We need look no further than the Court’s evisceration of the Voting Rights Act to understand the damage already done to our democracy—and the additional damage we risk by leaving a 6-3 conservative majority in place. Writing for the conservative majority, Chief Justice Roberts argued the VRA was outdated because, he claimed, racial discrimination was no longer a barreir to voting—an absurd argument that Justice Ginsburg likened to “throwing away your umbrella in a rainstorm because you are not getting wet.” Sure enough, as soon as Roberts snatched away the umbrella, a deluge of Republican voter suppression laws followed. And now, in the wake of yet another electoral defeat, Republicans are racing to enact more voter-suppression laws. Democrats hope to counter those efforts by passing the John Lewis Voting Rights Act. But the Supreme Court has only grown more conservative and more partisan since it gutted the original, making Court reform essential to preserving democracy reform.
A Republican-appointed Supreme Court that guts the Voting Rights Act on the premise that racism is over, even as the Republican Party continues its tireless efforts to disenfranchise black voters, is simply not worthy of trust.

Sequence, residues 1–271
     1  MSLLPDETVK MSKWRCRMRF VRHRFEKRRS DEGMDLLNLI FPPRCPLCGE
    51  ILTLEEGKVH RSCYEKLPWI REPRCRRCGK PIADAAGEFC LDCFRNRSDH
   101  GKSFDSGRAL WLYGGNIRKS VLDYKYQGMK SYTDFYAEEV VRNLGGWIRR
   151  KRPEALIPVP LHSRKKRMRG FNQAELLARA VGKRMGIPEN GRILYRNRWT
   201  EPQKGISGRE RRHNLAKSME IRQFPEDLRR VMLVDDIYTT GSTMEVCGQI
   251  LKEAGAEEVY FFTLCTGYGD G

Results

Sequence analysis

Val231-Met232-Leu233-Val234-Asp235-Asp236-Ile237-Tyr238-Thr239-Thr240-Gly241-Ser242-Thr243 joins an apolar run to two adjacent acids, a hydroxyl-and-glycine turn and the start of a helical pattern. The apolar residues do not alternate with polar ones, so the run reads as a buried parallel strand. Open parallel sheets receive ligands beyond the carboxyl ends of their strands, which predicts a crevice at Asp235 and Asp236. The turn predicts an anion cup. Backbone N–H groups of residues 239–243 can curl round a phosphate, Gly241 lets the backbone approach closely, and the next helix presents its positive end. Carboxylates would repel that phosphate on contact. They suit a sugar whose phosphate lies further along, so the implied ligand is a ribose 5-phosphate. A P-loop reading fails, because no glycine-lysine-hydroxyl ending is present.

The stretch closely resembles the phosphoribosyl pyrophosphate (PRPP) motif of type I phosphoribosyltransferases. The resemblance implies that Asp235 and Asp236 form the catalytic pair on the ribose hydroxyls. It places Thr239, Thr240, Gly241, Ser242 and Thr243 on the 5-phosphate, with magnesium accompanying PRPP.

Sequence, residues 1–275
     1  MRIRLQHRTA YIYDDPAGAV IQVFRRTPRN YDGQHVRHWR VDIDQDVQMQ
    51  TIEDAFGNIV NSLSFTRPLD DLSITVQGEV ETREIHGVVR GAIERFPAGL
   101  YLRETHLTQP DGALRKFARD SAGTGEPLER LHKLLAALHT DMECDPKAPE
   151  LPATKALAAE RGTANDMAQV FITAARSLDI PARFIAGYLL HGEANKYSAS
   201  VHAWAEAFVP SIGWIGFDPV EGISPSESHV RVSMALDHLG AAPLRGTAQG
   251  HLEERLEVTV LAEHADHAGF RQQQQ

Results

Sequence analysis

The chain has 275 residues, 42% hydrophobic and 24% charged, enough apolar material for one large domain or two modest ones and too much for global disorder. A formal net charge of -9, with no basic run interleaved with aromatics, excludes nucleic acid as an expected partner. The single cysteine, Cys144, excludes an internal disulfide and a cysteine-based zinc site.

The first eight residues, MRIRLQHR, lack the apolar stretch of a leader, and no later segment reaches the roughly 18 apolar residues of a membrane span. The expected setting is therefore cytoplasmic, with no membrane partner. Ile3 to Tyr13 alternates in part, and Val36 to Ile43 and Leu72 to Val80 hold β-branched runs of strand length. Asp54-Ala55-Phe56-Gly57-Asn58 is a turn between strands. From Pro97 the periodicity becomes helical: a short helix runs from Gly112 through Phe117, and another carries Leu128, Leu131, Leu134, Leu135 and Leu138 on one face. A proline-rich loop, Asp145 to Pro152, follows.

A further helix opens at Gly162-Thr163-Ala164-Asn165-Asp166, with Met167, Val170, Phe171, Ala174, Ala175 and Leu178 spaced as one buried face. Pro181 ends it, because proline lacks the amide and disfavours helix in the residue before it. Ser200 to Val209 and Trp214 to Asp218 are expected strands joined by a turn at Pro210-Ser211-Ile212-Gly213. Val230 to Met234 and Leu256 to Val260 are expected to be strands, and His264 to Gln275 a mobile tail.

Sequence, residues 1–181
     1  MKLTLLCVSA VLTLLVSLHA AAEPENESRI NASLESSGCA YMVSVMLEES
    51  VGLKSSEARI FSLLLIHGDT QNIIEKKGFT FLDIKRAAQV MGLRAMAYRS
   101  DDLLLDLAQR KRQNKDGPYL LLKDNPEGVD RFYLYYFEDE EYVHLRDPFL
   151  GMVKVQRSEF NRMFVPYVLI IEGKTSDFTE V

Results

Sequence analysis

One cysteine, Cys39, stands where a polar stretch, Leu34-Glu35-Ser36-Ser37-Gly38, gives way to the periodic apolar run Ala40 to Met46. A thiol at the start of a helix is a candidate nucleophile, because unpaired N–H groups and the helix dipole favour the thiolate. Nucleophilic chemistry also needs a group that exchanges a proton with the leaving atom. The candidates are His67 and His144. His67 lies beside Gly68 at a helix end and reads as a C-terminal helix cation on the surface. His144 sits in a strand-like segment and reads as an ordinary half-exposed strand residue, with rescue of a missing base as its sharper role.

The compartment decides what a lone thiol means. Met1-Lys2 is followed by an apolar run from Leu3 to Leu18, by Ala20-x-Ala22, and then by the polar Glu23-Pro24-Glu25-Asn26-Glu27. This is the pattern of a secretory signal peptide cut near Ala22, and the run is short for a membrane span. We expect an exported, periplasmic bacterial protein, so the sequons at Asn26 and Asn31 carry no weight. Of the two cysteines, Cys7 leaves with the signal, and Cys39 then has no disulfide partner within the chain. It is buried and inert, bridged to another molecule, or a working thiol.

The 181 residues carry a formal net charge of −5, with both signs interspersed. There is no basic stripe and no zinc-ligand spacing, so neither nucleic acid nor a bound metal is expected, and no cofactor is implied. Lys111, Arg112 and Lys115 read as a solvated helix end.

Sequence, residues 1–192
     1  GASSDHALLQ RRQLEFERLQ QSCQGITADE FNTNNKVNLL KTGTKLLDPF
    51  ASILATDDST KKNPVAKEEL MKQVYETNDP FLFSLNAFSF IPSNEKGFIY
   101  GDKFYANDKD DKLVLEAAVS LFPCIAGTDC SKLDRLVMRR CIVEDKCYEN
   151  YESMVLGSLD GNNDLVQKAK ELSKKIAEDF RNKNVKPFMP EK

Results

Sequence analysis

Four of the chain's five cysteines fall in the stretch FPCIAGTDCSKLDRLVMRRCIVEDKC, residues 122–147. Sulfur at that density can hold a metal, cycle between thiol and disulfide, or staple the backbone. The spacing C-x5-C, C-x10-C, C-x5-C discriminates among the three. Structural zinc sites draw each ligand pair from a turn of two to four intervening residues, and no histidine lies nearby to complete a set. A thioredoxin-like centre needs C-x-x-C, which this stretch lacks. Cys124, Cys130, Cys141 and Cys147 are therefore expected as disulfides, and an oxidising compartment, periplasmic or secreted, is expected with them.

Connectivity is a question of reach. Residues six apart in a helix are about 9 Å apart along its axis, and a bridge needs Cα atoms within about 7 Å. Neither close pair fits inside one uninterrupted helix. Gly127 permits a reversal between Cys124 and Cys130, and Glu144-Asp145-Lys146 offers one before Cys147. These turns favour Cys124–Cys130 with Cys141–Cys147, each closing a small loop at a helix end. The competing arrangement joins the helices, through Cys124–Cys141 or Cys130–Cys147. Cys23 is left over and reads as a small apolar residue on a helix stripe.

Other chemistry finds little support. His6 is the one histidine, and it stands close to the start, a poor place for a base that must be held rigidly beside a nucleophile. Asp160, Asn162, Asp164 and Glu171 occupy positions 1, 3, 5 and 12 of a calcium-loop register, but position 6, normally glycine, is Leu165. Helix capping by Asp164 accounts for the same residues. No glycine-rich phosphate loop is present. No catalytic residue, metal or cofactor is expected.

Republican-appointed justices have proven untrustworthy
So the Supreme Court collectively has proven untrustworthy in both its composition and its rulings. The justices themselves give us further cause for distrust. Clarence Thomas likely lied during his own confirmation hearings. Brett Kavanaugh, too. Both are credibly accused of sexual misconduct—Kavanaugh of sexual assault. Kavanaugh has a history of partisanship that is completely incompatible with the notion of the justices as impartial, including the angry rant he unleashed during his confirmation hearings, which included a threat of reprisal against his critics. Kavanaugh and Samuel Alito had a private meeting with a conservative anti-gay activist whose organization filed amicus briefs in cases pending before the Court—a meeting that would likely violate the code of conduct for federal judges, if the code applied to the Supreme Court. Thomas’s wife is a conservative lobbyist who cheered on the Trump rally-turned-insurrection in January, and whose close relationships with the Trump administration and other Republican causes pose countless conflicts of interests.